Tighter UK market, higher gas plant margins?
The last 3 years have been tough for UK gas-fired plant owners. A slump in coal prices has given coal plant a clear competitive advantage over gas plant in the merit order. On top of this a steady increase in renewable output is eroding CCGT generation margins and load factors. Yet looking forward over the next 3 years the UK is heading into a period of very tight system capacity margins. But is the market anticipating a recovery in gas plant generation margins as a result?
Several important things have happened since we last looked at UK gas plant margins. The UK power market has now been given a rulebook for the new Capacity Market, which is likely to have broad reaching implications for capacity decisions and power price dynamics as the decade progresses. In the more immediate future there are a number of unexpected plant outages into the approaching winter as we set out here. That has in turn led the system operator National Grid to run an additional tendering process for emergency generating reserve (BSR) into this winter.
A recap on UK gas-fired plant
There is about 30GW of CCGT capacity in the UK market which plays a dominant price setting role. CCGTs can be thought of in 3 tranches (of approximately 10GW each):
- Tranche 1: Very efficient and flexible CCGT built in the last few years, currently running mostly as mid-merit plants (e.g. ~50% load factor)
- Tranche 2: Plant of average efficiency and flexibility built around the turn of the century, currently running mostly as peaking plants
- Tranche 3: Older, less efficient and less flexible plant built in the early to mid 90s, currently running at very low or zero load factors
These 3 Tranches are shown in the UK stack diagram in Chart 1 below (for an illustrative set of forward prices).
Chart 1: UK generation supply stack (with non-controllable generation netted off demand)
Source: Timera Energy
Market pricing for plant gas margins
Chart 1 shows the dominance of CCGT in the UK supply stack. That results in a strong relationship between power and gas prices. This relationship drives gas plant generation margins (sparkspreads). Market convention is to track sparkspreads based on a defined plant efficiency (49%) and cost structure system, broadly representative of system average parameters. However actual margins earned by individual CCGT vary significantly based on the efficiencies and cost structures of individual assets. Two set of clean spark spreads are illustrated for a generic Tranche 1 (52% efficient) and Tranche 2 (49% efficient) asset at current forward market prices in Chart 2.
Chart 2: UK Forward Clean Spark Spreads (CSS)
Source: Timera Energy (prices from ICE, Sep 2014)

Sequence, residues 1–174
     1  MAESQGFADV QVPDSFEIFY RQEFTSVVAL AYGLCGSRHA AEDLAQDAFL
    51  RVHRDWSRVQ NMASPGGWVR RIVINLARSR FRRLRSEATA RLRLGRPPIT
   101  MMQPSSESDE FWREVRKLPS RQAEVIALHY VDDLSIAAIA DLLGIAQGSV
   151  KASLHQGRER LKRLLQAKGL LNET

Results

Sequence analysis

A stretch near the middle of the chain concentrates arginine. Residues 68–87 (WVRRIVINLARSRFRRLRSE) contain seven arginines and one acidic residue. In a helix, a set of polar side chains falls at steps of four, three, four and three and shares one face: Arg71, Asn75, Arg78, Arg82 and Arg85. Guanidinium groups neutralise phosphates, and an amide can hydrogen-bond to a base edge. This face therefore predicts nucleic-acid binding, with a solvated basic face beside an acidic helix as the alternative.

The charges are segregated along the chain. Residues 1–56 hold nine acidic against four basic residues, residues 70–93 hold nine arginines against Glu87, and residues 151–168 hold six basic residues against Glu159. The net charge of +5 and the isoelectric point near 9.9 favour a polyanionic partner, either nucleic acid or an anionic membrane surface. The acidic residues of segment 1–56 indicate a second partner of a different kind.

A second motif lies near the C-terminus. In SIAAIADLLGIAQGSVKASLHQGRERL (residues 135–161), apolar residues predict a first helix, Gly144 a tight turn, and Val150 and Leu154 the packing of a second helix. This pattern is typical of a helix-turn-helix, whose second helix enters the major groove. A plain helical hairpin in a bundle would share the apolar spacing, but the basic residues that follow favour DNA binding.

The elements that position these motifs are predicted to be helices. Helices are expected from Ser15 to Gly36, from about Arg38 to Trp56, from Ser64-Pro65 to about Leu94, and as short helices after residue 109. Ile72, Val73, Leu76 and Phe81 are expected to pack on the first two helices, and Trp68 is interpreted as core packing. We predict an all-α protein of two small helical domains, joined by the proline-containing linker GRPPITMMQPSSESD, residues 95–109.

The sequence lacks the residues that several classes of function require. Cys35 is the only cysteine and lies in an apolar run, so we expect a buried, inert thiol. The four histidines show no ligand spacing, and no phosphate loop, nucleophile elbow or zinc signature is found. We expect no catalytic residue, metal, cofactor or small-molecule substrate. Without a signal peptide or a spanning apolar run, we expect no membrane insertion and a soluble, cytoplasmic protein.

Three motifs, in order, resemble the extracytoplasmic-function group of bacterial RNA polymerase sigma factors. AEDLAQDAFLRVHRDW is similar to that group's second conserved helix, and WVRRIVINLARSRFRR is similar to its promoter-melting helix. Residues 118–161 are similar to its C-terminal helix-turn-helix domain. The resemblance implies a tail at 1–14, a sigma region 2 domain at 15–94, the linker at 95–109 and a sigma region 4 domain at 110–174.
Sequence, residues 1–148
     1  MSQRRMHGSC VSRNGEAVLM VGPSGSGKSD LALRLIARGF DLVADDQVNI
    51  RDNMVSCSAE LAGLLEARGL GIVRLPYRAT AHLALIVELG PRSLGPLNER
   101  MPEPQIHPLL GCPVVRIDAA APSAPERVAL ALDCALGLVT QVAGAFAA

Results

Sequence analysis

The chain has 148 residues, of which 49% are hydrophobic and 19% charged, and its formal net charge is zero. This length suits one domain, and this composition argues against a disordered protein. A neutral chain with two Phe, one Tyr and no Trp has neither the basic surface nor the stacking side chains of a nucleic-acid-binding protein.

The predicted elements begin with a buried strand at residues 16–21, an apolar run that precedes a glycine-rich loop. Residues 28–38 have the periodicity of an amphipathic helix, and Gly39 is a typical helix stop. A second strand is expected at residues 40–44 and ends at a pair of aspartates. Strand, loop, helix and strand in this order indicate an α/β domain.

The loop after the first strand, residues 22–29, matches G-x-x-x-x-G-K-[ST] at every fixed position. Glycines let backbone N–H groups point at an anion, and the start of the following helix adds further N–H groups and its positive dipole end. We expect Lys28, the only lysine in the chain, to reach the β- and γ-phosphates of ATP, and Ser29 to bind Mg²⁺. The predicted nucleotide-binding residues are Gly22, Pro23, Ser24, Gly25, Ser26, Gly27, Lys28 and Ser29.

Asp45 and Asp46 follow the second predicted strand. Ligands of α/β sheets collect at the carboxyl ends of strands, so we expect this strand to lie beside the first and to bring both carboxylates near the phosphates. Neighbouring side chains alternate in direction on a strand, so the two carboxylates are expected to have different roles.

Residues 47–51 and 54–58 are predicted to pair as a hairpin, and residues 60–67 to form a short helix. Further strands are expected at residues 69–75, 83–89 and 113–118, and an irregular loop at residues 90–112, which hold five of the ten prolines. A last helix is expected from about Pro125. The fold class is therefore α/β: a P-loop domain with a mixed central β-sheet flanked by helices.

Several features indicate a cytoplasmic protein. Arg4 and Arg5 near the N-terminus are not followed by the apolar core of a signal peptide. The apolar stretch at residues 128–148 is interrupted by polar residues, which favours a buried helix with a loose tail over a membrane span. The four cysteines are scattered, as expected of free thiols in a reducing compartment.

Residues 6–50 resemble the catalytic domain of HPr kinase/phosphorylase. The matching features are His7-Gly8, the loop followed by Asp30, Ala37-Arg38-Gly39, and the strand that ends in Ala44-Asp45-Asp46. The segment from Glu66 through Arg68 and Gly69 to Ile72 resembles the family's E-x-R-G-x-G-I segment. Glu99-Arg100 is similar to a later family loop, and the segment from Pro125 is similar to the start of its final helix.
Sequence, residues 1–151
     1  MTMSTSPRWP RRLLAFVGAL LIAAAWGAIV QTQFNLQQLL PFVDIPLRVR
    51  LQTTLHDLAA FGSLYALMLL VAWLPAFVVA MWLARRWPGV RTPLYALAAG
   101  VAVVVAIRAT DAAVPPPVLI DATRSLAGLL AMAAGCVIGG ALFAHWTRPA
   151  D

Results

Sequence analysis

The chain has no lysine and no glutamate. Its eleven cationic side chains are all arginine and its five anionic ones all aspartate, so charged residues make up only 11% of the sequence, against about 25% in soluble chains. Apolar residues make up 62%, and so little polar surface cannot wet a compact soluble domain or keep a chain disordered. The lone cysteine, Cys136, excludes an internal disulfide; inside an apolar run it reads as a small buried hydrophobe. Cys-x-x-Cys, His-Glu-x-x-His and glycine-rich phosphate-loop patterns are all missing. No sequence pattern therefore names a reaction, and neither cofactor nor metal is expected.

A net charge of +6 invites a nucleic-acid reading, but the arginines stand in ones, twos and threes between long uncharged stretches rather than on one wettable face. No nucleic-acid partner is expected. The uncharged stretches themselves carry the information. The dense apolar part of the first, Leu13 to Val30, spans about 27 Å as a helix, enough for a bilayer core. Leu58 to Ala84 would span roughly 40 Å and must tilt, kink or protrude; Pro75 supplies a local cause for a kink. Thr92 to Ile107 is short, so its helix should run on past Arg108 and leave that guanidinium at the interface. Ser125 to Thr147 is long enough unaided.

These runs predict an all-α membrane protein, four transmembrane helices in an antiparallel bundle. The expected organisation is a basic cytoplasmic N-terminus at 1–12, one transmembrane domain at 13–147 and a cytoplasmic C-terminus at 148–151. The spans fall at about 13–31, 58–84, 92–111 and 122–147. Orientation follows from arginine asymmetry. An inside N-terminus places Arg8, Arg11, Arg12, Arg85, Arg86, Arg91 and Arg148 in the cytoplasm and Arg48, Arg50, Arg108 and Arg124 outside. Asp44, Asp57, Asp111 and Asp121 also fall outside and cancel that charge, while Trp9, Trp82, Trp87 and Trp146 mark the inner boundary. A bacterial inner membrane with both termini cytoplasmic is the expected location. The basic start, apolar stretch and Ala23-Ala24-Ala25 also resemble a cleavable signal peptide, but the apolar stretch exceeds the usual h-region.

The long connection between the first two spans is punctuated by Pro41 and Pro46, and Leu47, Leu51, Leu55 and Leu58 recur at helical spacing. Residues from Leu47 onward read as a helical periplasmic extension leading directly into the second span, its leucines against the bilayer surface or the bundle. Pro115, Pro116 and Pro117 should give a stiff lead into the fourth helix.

Market liquidity is very limited beyond 2016, which means that 2017/18 pricing is little more than indicative. But there are a few important observations that can be made:
- Intrinsic value: Plant value that is hedgeable in the forward market is focused in peak periods, particularly for Tranche 2 assets. This means a significant portion of realised asset value depends on capturing price shape and volatility close to plant dispatch.
- Margin recovery: Despite sharply declining system capacity margins over the 2015-17 period (due to scheduled closures), the market is not pricing in any recovery in spark spreads (although note the point below on curve rerating).
- New build: Current forward market pricing is a long way short of what is required to support new build of CCGT (around 13 £/MWh on a baseload equivalent CSS basis), unless a very strong capacity price signal emerges in the new Capacity Market (e.g. 70+ £/kW).
While the current UK market environment is not friendly for CCGT margins, the composition of the supply stack provides a key downside support for CCGT generation margins. Because CCGT plants make up such a large portion of the stack, negative spark spreads are not the problem they are in Continental European power markets. Even at low levels of demand (& high levels of wind output) gas-fired plants are still typically fulfil the role of marginal price setting capacity. A buffer against negative spreads may be cold comfort for UK gas plant owners but it does prevent CCGT plant from being driven completely out of merit as has happened in Continental markets (e.g. Germany, Netherlands).
The really important question is when forward sparkspreads may recover. History has shown that structural shifts in forward market conditions are often precipitated by a shock in the prompt market, for example due to a cold winter or major asset outages. Shocks to the front of the forward curve can result in a rapid re-rating of margins along the curve. And the UK market is certainly vulnerable to such a shock as the system capacity margin tightens across the next 3 years (as we set out here). We suspect market pricing reflects a degree of complacency as to the risks over this period.
Looking beyond the UK market tightening over the next 3 years, the evolution of gas plant margins will depend heavily on the Capacity Market. Capacity payments represent a structural change to gas plant margins, likely to at least cover CCGT fixed costs (as we set out here). However the Capacity Market is also likely to support higher system capacity levels, a factor that weighs on wholesale prices and volatility. As important will be the type of incremental capacity delivered (e.g. OCGT, vs CCGT vs interconnectors) as this will impact price shape and volatility. All these factors point to the result from the 1st capacity auction in December providing some key insights into the long term evolution of gas plant generation margins.